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September 2, 2015

Six Feet Under: The opening titles - VIDEO

by Jane Boursaw, posted Jul 4th 2008 11:03AM
Six Feet Under - Season 2 DVDOne of my favorite parts of Six Feet Under is the opening titles. When I get ready to watch the show, I don't turn it on and do other things while the opening titles play. I sit down and watch the titles from the beginning. It prepares me for the show ahead.

As I learned from watching the behind-the-scenes featurette on the season one DVD set, when a show is created, the opening pictures are usually done first and the music added later. That wasn't the case with Six Feet Under, mainly because creator Alan Ball had no idea what he wanted to do with the pictures. So he had composer Thomas Newman -- whom he worked with on American Beauty -- score the music first.

Digital Kitchen, a film production company, then drew up storyboards for the sequence. "We wanted to tell the story of what would happen after a person is placed into a casket and goes into a hearse to the cemetery," said designer Danny Yount.

It's true -- the titles really transport you into that surreal world of death. You see the stark tree on the barren hill, the hands coming apart, the hands preparing to work with the body, the body on a gurney going down a tunnel towards white light as a lone body stands in the background, the embalming fluid, the flowers wilting, the casket being unloaded from a hearse, the gravestone, vintage photos on a desk, the crow flying into the air, and then back to the lone tree. It's all a big circle.

Just for fun, let's pick it apart a little:

The hands separating. The music fits here perfectly, because as the hands separate and go into slow-motion, the staccato notes of the string instruments kick in. It's beautiful and heartbreaking, because, as Alan Ball says, you know that once the hands separate, there's no going back.

The gurney.
Ditto on the music here -- everything is precisely timed. When the wheel on the gurney turns, the percussion track kicks in and the instrument begins playing -- I think it's an oboe, which has an ethereal sound to it.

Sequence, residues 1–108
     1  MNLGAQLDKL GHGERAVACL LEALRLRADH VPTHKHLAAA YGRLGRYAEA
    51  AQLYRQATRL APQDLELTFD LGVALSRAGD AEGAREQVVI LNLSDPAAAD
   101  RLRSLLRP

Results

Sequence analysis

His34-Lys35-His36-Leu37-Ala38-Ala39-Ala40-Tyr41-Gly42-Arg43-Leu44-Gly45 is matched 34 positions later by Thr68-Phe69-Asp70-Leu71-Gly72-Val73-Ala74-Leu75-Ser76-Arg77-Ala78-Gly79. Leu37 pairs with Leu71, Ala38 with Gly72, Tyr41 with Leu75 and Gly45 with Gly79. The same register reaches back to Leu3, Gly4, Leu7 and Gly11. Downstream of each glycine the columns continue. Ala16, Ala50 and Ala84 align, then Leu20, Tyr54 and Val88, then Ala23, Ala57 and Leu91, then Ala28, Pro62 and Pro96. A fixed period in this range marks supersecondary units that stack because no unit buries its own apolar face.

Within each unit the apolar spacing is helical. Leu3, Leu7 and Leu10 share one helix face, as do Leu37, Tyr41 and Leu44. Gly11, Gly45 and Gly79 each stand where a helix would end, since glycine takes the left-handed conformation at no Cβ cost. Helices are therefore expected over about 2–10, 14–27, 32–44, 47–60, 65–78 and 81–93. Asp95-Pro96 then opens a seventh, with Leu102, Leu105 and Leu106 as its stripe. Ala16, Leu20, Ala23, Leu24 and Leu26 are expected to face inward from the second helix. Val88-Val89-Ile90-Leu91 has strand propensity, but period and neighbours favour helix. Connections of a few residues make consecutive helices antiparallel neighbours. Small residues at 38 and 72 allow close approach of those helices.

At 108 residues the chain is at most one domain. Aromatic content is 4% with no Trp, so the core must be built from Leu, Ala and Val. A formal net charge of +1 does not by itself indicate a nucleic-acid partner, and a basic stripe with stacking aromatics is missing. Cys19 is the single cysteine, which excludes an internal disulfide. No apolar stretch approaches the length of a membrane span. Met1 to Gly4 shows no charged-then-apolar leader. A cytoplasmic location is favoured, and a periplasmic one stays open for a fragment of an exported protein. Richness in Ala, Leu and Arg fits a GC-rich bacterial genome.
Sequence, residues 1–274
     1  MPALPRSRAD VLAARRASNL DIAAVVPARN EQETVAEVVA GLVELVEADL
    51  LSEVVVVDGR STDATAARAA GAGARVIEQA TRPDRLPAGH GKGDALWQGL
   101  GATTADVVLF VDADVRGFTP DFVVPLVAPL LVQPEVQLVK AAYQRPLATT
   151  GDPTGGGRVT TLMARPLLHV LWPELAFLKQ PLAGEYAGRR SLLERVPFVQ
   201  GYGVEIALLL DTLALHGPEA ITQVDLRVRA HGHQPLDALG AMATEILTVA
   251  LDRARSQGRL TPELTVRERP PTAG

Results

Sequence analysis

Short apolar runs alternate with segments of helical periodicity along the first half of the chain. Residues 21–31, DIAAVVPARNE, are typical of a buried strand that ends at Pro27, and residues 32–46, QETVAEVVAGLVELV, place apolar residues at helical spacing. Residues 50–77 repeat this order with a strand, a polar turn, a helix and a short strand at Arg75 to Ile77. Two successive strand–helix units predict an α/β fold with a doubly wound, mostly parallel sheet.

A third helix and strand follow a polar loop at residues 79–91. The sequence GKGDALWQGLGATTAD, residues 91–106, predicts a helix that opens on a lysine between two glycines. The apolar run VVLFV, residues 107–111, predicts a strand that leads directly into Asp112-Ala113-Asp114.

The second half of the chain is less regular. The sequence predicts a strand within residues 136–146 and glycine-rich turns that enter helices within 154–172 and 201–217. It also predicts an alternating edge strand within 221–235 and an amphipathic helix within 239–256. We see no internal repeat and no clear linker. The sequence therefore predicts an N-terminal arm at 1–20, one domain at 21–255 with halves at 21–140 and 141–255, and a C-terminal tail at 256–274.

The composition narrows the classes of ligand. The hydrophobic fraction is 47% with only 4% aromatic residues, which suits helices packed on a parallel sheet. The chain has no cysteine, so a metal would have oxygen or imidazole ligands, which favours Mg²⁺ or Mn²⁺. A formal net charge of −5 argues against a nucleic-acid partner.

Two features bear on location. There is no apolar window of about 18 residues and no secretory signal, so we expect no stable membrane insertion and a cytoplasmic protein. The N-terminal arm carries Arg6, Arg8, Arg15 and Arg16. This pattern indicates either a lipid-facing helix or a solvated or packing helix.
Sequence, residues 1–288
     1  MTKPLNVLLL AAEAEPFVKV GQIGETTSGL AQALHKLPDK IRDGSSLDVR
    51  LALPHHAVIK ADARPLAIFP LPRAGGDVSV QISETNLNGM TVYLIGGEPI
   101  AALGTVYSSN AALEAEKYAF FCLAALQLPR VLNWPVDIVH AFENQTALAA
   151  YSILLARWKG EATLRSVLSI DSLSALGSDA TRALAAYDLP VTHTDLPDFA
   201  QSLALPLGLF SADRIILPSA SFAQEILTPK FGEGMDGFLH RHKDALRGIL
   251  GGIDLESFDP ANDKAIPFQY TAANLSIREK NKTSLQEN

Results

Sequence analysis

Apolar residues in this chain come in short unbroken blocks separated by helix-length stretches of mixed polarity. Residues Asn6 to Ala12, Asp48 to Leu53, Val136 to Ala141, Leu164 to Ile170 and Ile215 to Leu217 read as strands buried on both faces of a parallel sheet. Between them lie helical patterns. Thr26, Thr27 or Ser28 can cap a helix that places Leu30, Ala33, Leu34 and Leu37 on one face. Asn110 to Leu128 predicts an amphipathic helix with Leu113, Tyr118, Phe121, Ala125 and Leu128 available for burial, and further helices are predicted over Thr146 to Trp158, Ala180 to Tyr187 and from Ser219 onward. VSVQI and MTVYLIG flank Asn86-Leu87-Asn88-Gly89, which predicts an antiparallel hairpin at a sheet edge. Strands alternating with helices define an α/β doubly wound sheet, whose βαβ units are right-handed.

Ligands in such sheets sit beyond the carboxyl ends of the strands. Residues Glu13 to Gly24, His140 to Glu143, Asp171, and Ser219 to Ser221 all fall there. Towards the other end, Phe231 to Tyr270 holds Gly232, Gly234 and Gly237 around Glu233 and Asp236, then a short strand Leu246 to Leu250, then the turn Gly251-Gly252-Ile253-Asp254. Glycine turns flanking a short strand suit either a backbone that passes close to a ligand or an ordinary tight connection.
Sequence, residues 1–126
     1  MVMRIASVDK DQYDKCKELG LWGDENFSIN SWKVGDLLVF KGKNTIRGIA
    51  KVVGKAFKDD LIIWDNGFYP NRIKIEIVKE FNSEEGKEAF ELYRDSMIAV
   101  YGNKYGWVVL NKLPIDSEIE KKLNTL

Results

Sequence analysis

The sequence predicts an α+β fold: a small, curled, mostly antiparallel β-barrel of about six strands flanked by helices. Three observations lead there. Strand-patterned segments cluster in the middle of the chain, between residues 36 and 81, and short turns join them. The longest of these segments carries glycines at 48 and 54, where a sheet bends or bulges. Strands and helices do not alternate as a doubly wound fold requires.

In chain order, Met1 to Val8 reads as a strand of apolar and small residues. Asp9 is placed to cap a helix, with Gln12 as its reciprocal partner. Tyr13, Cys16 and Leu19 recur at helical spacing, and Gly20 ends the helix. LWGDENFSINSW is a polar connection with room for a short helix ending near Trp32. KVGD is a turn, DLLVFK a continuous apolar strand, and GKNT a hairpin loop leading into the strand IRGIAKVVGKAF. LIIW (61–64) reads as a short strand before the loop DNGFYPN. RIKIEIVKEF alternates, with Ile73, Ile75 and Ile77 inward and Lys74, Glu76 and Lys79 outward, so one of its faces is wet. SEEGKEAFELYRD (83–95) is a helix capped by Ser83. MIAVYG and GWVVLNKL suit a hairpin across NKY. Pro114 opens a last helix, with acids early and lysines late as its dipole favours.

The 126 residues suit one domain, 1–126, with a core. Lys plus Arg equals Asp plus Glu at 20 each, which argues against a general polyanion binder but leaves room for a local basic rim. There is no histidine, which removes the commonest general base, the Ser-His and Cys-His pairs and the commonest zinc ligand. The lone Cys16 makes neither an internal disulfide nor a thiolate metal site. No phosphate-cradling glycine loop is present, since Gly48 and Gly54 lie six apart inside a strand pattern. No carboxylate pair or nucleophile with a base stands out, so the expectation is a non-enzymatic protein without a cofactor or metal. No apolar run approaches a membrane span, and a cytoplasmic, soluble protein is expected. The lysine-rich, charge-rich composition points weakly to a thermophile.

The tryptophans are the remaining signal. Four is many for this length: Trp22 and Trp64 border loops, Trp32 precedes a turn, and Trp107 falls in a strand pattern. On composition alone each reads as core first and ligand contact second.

The crow. It's actually illegal to film true crows in the United States for commercial purposes. So what you see in the opening titles is a pied crow with a white chest that's been painted black. It's a subtle nod to the darker feel of the show.

The flowers. Digital Kitchen rigged and photographed the arrangement over a period of ten hours to capture the wilting process. When the flowers didn't turn brown, they had to add color in postproduction, then speed up the shot to make the flowers wilt rapidly. Again, the music fits here perfectly.

The tree. The lone tree on the flat, barren hillside became the show's logo. Digital Kitchen searched far and wide for a tree that would fit the bill, but finding that tree in the dead of winter in Seattle proved challenging. They ended up paying $400 to dig up an unwanted tree from someone's yard, then place it on Kite Hill. An Internet search revealed that this hill is often used to fly kites. Death and kites. Yeah, I can see it.

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Tess - Lol! Too funny.

Karen - I have no idea! Good question, though. Anyone know the answer?

July 05 2008 at 9:40 PM Report abuse rate up rate down Reply
Tess Capra

One-time TWoP recapper Aaron wrote lyrics to the theme, only half of which I remember. They go like this:

Death! Death! Death!
It happens to us all.
In your home or at the mall.
Don't even try to hide. Alan Ball will be your guide. Sex and death will soon collide. The irony just won't subside.

on this show, you'll never know,
who's going to go, with tag on their toe.

July 05 2008 at 6:18 PM Report abuse rate up rate down Reply

I've always really loved the opening music for this show--so haunting, so lovely--and it's very cool to learn that it came first in the planning of the titles sequence. They were pretty clever with the images.

But...it's illegal to photograph crows?? WTF? Why? Are they all in Witness Protection?

July 05 2008 at 5:32 PM Report abuse rate up rate down Reply
1 reply to Karen's comment
The Pepto Pimp

It's part of the Migratory Bird Treaty Act, signed by US, Canada, Russia and Mexico. It is illegal to use crows, ravens and other migratory birds for commercial purposes.

July 07 2008 at 10:18 AM Report abuse rate up rate down Reply

The last time I heard music fit a story so well was Tubular Bells in the Exorcist.

July 04 2008 at 3:46 PM Report abuse rate up rate down Reply

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